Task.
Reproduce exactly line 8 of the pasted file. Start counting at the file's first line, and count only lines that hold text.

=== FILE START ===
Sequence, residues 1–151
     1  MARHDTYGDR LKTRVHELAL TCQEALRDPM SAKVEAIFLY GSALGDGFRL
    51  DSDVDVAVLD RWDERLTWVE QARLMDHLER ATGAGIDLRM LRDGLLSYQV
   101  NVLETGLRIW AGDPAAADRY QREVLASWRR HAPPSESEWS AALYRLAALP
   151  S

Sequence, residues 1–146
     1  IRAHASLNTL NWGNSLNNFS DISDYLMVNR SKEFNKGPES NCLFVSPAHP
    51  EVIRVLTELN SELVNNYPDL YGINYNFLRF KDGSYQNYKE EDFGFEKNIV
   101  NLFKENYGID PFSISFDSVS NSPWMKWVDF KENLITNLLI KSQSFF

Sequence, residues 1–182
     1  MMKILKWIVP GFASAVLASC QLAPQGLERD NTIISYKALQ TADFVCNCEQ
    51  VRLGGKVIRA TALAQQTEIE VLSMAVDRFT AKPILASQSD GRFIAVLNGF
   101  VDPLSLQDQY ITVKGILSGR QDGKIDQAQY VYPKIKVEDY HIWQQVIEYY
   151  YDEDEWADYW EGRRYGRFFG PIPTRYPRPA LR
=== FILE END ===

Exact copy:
    51  EVIRVLTELN SELVNNYPDL YGINYNFLRF KDGSYQNYKE EDFGFEKNIV